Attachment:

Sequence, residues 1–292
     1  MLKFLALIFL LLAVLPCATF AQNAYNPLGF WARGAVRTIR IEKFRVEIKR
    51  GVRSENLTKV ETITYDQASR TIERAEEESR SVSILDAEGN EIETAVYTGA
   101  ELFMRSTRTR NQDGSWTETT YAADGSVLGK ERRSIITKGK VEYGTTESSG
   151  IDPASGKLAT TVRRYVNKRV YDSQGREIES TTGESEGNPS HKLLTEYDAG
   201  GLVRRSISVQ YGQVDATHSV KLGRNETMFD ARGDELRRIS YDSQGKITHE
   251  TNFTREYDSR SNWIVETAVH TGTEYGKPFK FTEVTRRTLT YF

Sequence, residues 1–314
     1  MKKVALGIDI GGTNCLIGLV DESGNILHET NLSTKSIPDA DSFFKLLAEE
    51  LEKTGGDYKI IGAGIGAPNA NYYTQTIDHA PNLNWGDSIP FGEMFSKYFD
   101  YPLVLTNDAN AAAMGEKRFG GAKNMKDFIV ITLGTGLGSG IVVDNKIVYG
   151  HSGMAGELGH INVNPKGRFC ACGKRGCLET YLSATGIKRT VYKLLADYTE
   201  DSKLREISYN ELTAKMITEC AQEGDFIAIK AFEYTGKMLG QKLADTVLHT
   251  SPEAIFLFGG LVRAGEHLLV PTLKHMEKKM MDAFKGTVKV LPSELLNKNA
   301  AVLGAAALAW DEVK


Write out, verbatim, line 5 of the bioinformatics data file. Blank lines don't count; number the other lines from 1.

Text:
   151  IDPASGKLAT TVRRYVNKRV YDSQGREIES TTGESEGNPS HKLLTEYDAG